It’s easy to love Outerbridge’s early and elegant black-and-white works, and to understand why the best of them fetch such extraordinary prices at auction. (Marmon Crankshaft, from 1923, brought $374,400 at Sotheby’s in 2006, well over its high estimate of $150,000.) At New York’s Clarence H. White School of Photography, where he enrolled in 1921, Outerbridge studied with Max Weber, who encouraged students to experiment with lighting, framing and odd vantage points, and to invest their images with the syncopated visual rhythms and brisk look of modernity. Planned out and even carefully diagrammed, images like Top Hat and Mufflers (1924) and H-O Box (1922) combine luxury and everyday objects alike with jazzy riffs on light and shadow. Consumerist longing and erotic desire bounce around within the borders of Outerbridge’s small and velvety platinum prints like water molecules in a pot that’s reached a boil. The physical production of these prints was just as thoughtfully calculated to seduce. Even when platinum and palladium emulsion materials became scarce in the years after World War I, Outerbridge insisted on using them to craft prints whose tonal depth and warmth trump the more meager materiality of conventional processes.
Early in his career, Outerbridge traveled between New York, where he befriended Alfred Stieglitz and became Edward Steichen’s biggest rival, and Paris, where he mingled with Man Ray, Berenice Abbott, Duchamp, Picasso, Picabia, Eugene O’Neill and Josephine Baker. In 1927, he opened and ran, if only for a short time, the most costly and elaborately outfitted photographic studio ever built in Paris. “The men who produce advertising art,” business writer Earnest Elmo Calkins noted in 1928, were “the men represented in the art exhibitions.”2 Outerbridge shuttled back and forth between two worlds, participating in the historic “Film und Foto” exhibition in Stuttgart in 1929, exhibiting at the Julien Levy Gallery in New York in 1932 and billing record fees to clients in the depths of the Great Depression.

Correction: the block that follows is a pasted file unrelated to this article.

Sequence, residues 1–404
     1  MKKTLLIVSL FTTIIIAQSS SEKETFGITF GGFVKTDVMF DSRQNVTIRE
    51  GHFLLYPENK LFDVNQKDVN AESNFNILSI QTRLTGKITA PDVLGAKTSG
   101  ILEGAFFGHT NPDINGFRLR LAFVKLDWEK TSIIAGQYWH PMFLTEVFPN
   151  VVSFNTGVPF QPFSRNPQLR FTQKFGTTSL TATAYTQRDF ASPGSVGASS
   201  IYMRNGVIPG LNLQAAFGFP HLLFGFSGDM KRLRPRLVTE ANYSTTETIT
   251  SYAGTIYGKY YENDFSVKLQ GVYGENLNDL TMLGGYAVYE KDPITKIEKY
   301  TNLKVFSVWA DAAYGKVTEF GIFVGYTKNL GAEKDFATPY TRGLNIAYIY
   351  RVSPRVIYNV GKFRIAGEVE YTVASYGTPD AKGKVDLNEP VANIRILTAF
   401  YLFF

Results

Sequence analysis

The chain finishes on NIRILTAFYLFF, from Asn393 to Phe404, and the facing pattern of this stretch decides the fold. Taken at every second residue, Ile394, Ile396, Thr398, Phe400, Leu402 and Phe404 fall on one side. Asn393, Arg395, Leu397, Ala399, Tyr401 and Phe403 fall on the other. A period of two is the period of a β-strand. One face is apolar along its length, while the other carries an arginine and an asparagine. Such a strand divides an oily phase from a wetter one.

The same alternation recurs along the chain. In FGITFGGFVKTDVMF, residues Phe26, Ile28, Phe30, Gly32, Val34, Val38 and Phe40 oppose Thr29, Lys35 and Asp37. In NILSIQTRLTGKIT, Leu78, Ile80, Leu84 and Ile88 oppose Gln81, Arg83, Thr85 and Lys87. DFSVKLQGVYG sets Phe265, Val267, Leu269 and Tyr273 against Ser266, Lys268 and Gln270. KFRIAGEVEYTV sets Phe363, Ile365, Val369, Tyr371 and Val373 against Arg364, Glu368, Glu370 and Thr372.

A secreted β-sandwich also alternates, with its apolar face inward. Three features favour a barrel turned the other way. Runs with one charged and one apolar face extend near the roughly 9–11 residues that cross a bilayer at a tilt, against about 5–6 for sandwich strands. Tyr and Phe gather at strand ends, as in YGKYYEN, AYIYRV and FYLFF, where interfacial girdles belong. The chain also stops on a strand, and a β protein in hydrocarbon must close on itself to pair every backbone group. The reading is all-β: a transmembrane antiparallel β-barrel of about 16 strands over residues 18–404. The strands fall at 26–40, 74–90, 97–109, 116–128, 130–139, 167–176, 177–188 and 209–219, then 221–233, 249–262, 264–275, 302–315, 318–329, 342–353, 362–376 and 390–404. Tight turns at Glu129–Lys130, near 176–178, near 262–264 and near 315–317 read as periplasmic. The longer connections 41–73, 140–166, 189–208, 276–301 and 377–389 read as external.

Changing times and diminished prosperity, however, triggered a shift in Outerbridge’s esthetic strategy. High-end glamour photography remained central to the marketing of movie stars in the 1930s, but became a much less effective method for selling tangible merchandise as the decade wore on. Sophisticated imagery like Outerbridge’s, which only recently had seemed so modern, began to look out of sync with the reduced circumstances of ordinary Americans’ lives. Understanding that “color appeals more to the senses than to the intellect,”3 Outerbridge shrewdly insured his marketability by making work that was more brightly hued and vibrant as the economy turned sour. In his custom-built, air-conditioned darkroom, he mastered the laborious process of making Carbro prints, whose idiosyncratic, saturated color palette didn’t replicate reality so much as pump it up. Throughout the 1930s, his riveting photographs of dining rooms, tabletop still lifes and displays of necessities like sandwiches and toilet paper—commissioned by clients that included House Beautiful, McCall’s and Scott Paper—attracted attention by offering up heightened visual experiences that bordered on the hyperreal.